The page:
Light ends summary: Gasoline cracks tumble as 'revenge demand' wanes
Quantum Commodity Intelligence - Gasoline cracks tumbled to one-month lows at the start of July as record retail prices and recession fears triggered demand worries at the start of the US driving season, eroding supply fears which took hold of the market at the start of last month.
While RBOB futures rebounded on Friday, they were set to end the week over 4% lower, pushing the August crack down $6/b to $40/b as Brent gained $2.6/b over the same period.
The sharp selloff in RBOB futures kickstarted on Wednesday after delayed and keenly-awaited EIA data showed only the second weekly build in US gasoline stocks since late January.
Inventories rose to a six-week high of 221.6 million barrels by June 24, narrowing the gap versus the 2015-2019 average to just 5% as refineries nudged their output up to 9.9 million bpd but – more importantly – as domestic demand cool.
While total product deliveries in the US climbed to 20 million bpd, gasoline deliveries fell nearly 175,000 bpd over the past fortnight to 8.9 million bpd.
That figure was 8% below the pre-Covid five-year average – its largest gap since the Christmas holiday period.
With average US retail gasoline prices sticking close to record highs of $5/gallon, more and more Americans are cutting down on their driving, even as motoring company AAA expects a record number of Americans to hit the road this Independence Day weekend.
Americans planning to take a holiday by car over the next six months dropped to 22.7% in June, according to data released by Conference Board’s index this week – the worst figure in four years when excluding the locked-down summer of 2020.
The so-called post-Covid “revenge travel” has started to wane, said analysts.
The weakness in the US kept the transatlantic arb closed during the week, allowing Europe to rebuild stocks while suffering from its own demand problems.
Most recent data for the UK showed retail gasoline sales in the week to June 26 were up 2.3%, but that was mostly driven due to nationwide strikes, which were the worst in 30 years.
Sales were still down 1% from last year, with total fuel sales still their second-lowest weekly average since late April, official UK data showed.
In Spain, May gasoline deliveries hit a new 13-year high, but the monthly growth was just 1.4%, half its usual seasonal gain and well below the average growth of 6.1% reached so far this year, Cores data showed.
That allowed stocks in ARA to recover to a one-month high of 1.21 million mt, Insights Global data showed, with exports to both the US and West Africa shut, while gasoline blending in the hub picked up amid improved supplies of octane boosters.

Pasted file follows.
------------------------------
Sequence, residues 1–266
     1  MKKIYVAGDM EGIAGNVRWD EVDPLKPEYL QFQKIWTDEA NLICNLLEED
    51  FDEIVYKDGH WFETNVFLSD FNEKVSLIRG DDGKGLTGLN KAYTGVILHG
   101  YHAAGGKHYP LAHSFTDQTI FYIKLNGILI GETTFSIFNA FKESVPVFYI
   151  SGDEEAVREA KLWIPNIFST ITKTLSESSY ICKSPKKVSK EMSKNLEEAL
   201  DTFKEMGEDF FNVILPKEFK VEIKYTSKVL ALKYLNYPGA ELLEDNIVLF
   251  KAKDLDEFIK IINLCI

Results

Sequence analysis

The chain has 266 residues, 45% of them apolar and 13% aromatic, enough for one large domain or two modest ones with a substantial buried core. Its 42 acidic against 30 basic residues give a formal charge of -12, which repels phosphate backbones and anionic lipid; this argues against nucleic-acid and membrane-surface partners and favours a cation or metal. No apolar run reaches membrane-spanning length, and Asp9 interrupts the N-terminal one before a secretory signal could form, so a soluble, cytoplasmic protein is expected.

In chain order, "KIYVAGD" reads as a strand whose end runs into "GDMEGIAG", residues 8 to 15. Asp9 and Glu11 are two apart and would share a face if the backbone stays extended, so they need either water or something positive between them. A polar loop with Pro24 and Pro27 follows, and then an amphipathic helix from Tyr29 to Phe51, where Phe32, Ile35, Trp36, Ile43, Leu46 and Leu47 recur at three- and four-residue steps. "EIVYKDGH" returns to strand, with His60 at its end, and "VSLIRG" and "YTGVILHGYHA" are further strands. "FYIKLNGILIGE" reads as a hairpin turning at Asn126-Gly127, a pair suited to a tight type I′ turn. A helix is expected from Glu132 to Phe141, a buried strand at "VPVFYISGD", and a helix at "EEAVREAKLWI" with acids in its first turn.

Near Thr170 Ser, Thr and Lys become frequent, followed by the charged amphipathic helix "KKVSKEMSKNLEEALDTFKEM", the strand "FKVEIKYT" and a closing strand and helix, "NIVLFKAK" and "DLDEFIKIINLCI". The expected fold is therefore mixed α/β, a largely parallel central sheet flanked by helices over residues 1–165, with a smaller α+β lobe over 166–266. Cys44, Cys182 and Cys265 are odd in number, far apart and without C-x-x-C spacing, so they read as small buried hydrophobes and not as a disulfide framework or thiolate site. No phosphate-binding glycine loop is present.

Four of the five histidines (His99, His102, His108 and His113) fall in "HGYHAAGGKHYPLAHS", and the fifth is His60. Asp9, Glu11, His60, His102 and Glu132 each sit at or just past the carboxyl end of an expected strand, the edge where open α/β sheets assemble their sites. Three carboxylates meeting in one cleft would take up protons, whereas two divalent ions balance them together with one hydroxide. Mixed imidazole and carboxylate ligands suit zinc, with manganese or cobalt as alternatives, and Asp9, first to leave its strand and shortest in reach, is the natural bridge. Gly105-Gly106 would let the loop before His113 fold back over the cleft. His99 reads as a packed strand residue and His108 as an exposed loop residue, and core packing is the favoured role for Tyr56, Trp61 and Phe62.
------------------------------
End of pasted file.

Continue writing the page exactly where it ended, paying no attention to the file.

July Eurobob swaps were down $57.50/mt on the week to $1237.75/mt by the Friday London close, while August fell to $1,1186.75/mt.
The August Eurobob crack was down $5/b on the week to $35.50/b, a six-week low.
Europe continued to suffer from refineries issues, supporting product cracks, with unions in France closing the Fos refinery, while Bayernoil was hit by a lightning strike, with OMV’s Austria refinery still only running at 20%.
Asia followed the moves in Europe and the US sharply lower, with the spot RON92 assessment tumbling nearly $10/b on the week to $137.40/b, which left the crack at a one-month low of $28.1/b.
The European naphtha market remained weak during the final week of June, pressured by elevated stock levels and continued sluggish demand from Europe’s petrochemical sector as economic growth falters.
Spot cargoes landed in Europe were last assessed at $796/mt, down slightly on the week and pushing the crack to -$21/b.
Cracks remain, however, up from the record low of -$31/b earlier in June, partly due to an uptick in gasoline blending in ARA, which took stock levels marginally lower to 380,000 mt, the latest Insights Global data showed.
Asian naphtha flat prices, meanwhile, managed to nudge higher on the week to $825.75/mt, amid tightening Japanese stocks, but with the crack still down at -$16.5/b as September Brent increased.
The opposite moves in Europe and Asia moved the East-West spread basis August swaps up to $20/mt, which should shift more barrels east, said brokers.